Helen Keller headshot
It says that Deafblind people like me should be relegated to obscurity because our accomplishments are unbelievable (Picture: Oscar White/Corbis/VCG via Getty Images)

‘Helen Keller is NOT real,’ one TikTok video argued.

‘There is absolutely NO way she was blind and deaf and wrote TWELVE books, learned FIVE whole languages, fell out of a building and DIDN’T die, went to Harvard, and had very very neat handwriting. She DOESN’T exist.’

Watching the video, I couldn’t help but think, ‘That’s funny – because I have learned five languages (albeit some of them badly). I didn’t go to Harvard but disability rights advocate Haben Girma did… and my handwriting can be tidy when I want it to be.’

And just like Helen Keller, I’m Deafblind.

Unfortunately this wasn’t just one video; last week a TikTok trend caught my attention in which people argued – some satirically and some very seriously – that Helen Keller couldn’t have written the books she wrote or accomplished the things that she did because of her disability.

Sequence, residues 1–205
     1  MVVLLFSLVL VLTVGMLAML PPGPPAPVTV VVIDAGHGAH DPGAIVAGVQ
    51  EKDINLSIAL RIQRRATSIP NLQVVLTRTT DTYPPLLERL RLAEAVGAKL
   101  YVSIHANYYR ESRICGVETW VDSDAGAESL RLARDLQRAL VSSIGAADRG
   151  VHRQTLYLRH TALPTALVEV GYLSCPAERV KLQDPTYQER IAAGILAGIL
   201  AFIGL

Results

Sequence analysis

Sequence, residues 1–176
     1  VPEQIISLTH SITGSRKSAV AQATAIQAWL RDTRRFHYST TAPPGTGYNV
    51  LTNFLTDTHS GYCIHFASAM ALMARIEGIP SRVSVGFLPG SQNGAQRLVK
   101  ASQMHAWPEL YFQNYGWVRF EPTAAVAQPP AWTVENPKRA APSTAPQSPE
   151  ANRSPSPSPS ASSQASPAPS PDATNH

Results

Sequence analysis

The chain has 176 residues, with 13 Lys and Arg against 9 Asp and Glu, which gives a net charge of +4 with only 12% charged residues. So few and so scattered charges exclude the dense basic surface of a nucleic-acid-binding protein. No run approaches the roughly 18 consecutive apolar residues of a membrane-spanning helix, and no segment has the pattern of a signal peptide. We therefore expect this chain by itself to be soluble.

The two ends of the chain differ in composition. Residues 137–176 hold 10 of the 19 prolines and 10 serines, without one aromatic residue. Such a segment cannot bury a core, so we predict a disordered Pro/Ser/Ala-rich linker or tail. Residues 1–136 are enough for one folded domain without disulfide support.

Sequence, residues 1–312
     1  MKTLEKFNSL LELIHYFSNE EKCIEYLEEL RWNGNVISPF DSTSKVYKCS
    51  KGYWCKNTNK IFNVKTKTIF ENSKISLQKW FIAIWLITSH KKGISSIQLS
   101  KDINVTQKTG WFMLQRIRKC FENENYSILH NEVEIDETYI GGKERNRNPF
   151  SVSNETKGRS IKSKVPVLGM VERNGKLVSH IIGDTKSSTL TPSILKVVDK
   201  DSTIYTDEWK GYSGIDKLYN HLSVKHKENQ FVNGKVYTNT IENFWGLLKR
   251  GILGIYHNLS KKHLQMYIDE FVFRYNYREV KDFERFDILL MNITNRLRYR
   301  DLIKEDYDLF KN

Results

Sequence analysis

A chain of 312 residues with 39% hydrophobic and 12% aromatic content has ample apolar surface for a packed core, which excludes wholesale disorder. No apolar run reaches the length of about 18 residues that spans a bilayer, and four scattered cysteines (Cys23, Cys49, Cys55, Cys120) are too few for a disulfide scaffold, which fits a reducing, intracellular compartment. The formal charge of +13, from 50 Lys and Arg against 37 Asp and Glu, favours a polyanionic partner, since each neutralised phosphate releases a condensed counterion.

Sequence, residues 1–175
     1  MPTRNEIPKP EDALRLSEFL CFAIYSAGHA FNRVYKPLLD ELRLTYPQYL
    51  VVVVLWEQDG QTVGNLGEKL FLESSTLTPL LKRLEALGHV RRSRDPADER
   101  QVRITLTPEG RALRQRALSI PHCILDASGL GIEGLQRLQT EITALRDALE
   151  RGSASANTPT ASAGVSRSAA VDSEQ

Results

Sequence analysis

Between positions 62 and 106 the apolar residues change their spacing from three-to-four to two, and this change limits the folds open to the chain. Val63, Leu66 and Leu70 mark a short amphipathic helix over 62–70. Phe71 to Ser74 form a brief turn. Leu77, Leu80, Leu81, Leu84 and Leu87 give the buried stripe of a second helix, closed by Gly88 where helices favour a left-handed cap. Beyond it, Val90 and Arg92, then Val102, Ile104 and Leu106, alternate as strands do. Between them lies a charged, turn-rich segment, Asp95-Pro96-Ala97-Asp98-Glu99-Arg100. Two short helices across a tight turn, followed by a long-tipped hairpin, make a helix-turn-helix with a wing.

According to some of those who believe this theory, her handlers did everything for her and she just took the credit for it.

This instantly infuriated me because, at its core, this ‘joke’ or conspiracy theory implies I can’t do any of the things that I’ve done in my life either.

It says that Deafblind people like me should be relegated to obscurity because our accomplishments are unbelievable.

This idea is emblematic of a deeper wound in our society, one where non-disabled people want to be able to look at a disabled person and see us for what we are without having to think.